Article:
In early September, our 6-year-old daughter, Clare, began first grade. Here are things I've learned from her first month that apply to my life, and perhaps to yours, too.
When you are nervous, keep moving forward
Clare has told me that the elementary school building looks huge and the fifth-graders are “kind of scary.” But that doesn't stop her from walking into school each day with a purposeful, determined stride that doesn't betray fear.
When you need help, admit it
With one of Clare's first homework assignments (homework in first grade?!), my wife and I assumed she understood the concept behind the lesson. But Clare did not, and she let us know loudly with a bit of crying that she needed help. The help was given, the lesson learned, and the tears disappeared.
Don't forget old friends
Many of Clare's friends from kindergarten, soccer, and other activities attend other elementary schools. Clare misses those friends, so she has been inviting them over to our house for “play dates.” Clare and her buddies share history, and I'm guessing they don't want to lose that.
Seek advice from your elders
Clare's sister, Anna, is a third-grader, so Anna has ALL the answers to the mysteries of elementary school: which door to enter in the morning; which lunch options are good, and which bad (chicken strips are “great,” but “the spaghetti is gross, the sauce tastes like metal”); and where to go when the bell rings after school. Clare values the information, and Anna feels proud to share it. The World of Work calls this a “win-win.” Clare and Anna call it “being nice.”
Don't take credit for the work of others
Clare's teacher mistook someone else's work for Clare's. The work was wonderful, and the teacher gave it a smiley face AND an exclamation point. It would've been easy to accept the praise, but Clare became upset and insisted that my wife write a note to the teacher, explaining the mix-up.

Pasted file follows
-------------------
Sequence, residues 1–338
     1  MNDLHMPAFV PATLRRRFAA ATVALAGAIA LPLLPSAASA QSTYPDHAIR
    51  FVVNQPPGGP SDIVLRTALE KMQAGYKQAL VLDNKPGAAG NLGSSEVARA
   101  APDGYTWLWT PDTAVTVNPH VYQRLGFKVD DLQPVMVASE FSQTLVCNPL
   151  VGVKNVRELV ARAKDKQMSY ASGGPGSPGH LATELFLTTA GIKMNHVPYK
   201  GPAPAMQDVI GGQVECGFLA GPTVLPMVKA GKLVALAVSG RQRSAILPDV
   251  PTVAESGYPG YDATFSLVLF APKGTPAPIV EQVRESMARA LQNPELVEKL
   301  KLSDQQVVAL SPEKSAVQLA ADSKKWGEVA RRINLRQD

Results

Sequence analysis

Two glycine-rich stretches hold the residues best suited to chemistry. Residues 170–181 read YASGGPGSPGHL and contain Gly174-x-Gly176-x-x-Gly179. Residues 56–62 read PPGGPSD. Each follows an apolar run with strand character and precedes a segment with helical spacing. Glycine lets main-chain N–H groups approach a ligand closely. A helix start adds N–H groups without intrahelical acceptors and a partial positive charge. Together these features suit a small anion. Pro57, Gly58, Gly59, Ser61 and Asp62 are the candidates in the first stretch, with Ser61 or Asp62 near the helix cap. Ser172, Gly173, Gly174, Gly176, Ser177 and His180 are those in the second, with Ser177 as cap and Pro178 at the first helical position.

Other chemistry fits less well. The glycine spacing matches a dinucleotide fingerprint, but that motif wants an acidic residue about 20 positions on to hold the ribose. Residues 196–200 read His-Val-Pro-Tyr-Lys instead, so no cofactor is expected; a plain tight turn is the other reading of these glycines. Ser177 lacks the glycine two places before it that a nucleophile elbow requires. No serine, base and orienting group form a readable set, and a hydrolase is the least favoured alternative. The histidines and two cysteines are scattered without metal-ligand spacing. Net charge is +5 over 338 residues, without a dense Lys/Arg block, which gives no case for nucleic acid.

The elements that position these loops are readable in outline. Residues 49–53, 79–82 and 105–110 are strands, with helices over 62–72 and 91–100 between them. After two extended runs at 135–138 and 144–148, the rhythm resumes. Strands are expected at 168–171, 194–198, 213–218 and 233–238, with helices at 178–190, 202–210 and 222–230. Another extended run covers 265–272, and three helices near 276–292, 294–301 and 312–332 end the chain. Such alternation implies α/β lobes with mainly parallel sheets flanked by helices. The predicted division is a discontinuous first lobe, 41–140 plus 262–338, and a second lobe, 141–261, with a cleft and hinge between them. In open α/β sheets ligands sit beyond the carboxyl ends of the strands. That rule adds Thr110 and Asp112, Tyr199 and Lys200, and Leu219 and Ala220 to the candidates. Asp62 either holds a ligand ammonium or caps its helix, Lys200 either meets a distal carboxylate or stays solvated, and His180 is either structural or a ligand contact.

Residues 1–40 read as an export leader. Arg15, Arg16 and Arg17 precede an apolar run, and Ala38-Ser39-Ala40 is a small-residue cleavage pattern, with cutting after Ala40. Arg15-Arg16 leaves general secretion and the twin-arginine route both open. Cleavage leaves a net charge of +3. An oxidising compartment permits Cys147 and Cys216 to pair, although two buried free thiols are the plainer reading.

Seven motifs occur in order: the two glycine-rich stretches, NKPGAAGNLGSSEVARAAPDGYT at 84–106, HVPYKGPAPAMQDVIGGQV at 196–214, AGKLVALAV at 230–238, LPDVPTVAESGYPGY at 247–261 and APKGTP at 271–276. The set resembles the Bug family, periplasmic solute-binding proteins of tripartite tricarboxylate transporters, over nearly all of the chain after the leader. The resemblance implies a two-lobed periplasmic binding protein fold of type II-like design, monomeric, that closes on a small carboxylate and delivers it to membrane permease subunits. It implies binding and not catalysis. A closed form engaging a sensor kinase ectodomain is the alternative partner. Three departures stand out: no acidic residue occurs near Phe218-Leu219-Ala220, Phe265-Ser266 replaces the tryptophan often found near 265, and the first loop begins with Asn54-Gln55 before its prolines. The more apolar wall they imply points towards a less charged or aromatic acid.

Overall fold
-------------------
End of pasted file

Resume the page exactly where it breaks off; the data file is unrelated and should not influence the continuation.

When you are tired, go to bed early
Days can be long and demanding when you are in first grade, so it's important to get extra sleep if you feel like you need it. Umm, OK, Clare hasn't mastered this lesson yet, but I'm hoping she does soon.
I'm looking forward to seeing Louisville during the RCMA World Conference and Exposition.
Many of you have told me in recent years that Louisville is one of your favorite cities for meetings. The reasons cited: convenient location for many attendees, nice hotels, a downtown that's easy for visitors to navigate, and two(!) fine convention centers.
One of my favorite activities during RCMA is the Tuesday afternoon sightseeing tours, an opportunity for attendees to see important facets of the host city.
This year two tours are being offered, and I am going to have a difficult time deciding which tour to attend.
One of the tours includes a visit to the factory that makes Louisville Slugger baseball bats. I spent a large portion of my youth with a Louisville Slugger in my hands, so how can I turn down an opportunity to visit the factory?
Well, the other tour includes a visit to Churchill Downs, home of the Kentucky Derby, the nation's premier horse race. The visit includes seeing the grandstand, winner's circle, the paddock area, and an interactive museum.
If you have ideas on how to make the decision, let me know.